Reactivity in dogs
Reactivity is a complex behaviour challenge. It comes with behaviours such as lunging, growling, and barking and it is important to remember that these are symptoms of the problem - they are not the problem itself. When working our dogs through reactivity challenges we want to address the underlying cause of these behaviours.
In a sense, these behaviours can be good things to see. They let us know that there is something emotional happening in our dogs. It is important not to punish these behaviours. Although punishing a growl may make it go away, without addressing the reason for the growl all we are really doing is removing the warning system. It is like taking the batteries out of the smoke detector.
Reactivity tends to come from either fear or frustration. A dog who is uncertain about a stimuli may put on a big show in hopes of keeping the stimuli away. And it works. No one approaches a dog who is lunging, growling and barking. Because it works we see the problem grow - the reactions seem to get bigger. It is a self rewarding behaviour. In order for these behaviours to lessen, we need to address the fear that is driving them. A dog can also develop reactivity out of frustration, although it seems to be less common in my experience. These dogs are typically over-the-top social and struggle with not being able to immediately see and play with everyone they meet. The frustration tends to come out very audibly which makes the dog owner uneasy. This dog is less likely to be allowed to say hello (or less likely to have other people wanting to say hello) and then the problem escalates as the frustration builds. In this case we need to address the dog’s impulse control in order to see a reduction in the reactive behaviour.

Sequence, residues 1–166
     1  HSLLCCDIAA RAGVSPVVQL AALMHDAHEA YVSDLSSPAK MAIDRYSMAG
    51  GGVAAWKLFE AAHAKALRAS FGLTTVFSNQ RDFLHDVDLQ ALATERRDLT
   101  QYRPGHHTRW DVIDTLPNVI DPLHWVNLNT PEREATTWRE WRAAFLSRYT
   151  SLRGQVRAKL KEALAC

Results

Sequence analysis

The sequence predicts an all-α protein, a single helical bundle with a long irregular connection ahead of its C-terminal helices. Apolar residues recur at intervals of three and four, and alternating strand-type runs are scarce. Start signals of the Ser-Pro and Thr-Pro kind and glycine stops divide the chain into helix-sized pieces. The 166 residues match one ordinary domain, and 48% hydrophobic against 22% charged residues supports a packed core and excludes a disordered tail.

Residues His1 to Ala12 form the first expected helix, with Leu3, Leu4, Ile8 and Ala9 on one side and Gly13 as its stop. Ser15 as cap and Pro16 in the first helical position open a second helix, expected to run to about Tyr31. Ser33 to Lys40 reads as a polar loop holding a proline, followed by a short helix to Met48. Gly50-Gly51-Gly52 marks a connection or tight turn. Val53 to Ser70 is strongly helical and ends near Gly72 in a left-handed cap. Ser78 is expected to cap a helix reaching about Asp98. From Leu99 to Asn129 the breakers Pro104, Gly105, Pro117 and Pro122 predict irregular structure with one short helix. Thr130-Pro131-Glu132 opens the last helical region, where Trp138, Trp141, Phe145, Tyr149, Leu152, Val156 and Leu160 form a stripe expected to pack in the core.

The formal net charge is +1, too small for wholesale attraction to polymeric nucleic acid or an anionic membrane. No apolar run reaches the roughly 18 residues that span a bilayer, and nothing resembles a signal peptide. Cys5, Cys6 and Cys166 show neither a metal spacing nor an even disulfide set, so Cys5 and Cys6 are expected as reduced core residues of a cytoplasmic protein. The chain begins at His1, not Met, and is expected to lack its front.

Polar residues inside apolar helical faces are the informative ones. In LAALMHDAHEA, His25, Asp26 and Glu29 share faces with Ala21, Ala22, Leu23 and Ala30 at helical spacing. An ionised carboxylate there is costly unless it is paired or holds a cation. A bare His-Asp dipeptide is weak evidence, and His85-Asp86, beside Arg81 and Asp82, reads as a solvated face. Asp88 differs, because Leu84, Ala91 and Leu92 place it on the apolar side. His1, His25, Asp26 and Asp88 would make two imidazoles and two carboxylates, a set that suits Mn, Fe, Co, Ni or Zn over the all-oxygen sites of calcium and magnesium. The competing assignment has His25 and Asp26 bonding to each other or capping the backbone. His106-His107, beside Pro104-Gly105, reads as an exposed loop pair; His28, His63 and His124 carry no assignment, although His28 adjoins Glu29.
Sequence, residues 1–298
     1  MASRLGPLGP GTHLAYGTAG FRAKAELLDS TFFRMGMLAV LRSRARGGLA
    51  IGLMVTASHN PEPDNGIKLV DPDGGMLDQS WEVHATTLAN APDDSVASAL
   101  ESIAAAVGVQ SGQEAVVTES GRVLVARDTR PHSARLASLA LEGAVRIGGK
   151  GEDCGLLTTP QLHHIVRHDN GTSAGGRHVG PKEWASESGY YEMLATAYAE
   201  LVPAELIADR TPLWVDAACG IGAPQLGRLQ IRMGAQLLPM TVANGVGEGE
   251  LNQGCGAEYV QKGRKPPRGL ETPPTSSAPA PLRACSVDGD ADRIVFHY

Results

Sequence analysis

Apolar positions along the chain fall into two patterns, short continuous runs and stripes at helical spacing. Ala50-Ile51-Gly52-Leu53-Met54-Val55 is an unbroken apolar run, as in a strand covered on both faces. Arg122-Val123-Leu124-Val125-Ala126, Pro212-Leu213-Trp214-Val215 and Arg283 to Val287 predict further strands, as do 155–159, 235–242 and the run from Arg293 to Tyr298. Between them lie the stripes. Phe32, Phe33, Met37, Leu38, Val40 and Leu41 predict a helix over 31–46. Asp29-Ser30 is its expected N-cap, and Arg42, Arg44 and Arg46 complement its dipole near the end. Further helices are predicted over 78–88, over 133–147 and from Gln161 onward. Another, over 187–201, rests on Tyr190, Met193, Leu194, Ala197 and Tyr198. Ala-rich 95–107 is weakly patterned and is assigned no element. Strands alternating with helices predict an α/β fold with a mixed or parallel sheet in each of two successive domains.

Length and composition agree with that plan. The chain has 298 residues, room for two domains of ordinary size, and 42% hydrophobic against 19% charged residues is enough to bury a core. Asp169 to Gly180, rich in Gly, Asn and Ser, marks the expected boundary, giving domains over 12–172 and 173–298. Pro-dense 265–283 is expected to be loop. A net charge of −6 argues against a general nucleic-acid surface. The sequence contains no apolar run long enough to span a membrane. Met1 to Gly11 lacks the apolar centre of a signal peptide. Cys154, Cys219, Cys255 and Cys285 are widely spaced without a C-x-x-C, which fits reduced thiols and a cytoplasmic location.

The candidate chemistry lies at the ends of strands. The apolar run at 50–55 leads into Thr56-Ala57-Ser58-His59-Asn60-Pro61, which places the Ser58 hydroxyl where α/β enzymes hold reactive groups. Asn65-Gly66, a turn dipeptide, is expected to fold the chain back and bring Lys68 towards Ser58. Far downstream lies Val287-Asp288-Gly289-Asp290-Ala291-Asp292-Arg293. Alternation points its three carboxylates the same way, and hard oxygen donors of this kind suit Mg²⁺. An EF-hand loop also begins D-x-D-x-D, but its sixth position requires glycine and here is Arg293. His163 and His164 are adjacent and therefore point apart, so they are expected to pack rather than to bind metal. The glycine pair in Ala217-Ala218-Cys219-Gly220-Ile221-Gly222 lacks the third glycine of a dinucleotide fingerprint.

Counter Conditioning and Desensitization
Counter Conditioning and Desensitization are the two main plans for helping our dogs through fear and reactivity challenges. Counter Conditioning helps them to learn a different association when they see their triggers. Right now, the sight of a dog brings out feelings of frustration, fear and/or excitement and puts your dog into an over aroused state. With Counter Conditioning we purposely pair this stimuli with something pleasant (in this case, food). With continued pairings the emotional response begins to change. Instead of the trigger meaning something frustrating or scary, it begins to mean something good - treats from mom and dad!
Desensitization has us working our reactive dogs at a distance from their triggers. We want to be far enough away that we can have success. A dog 100 feet away is much less scary than one who is 10 feet away. As you work with your dog you will see them start to feel calmer about their triggers. Once they are having some good success, we can begin to decrease the distance. We always want to wait until they are ready before moving forward, if they start to struggle it could be an indication that we went too fast. If we back off a bit we’ll have better success!
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Drae Fitchett Baker, CBCC-KA has been training dogs professionally since 2008. She lives in Calgary with her partner, Ryan, their two cats, Presley and Cash, and of course their two dogs, Slugs and Diego. In addition to working with animals, Drae spends her time gardening, cooking, reading, watching soccer and sings with her grandmother in a choir.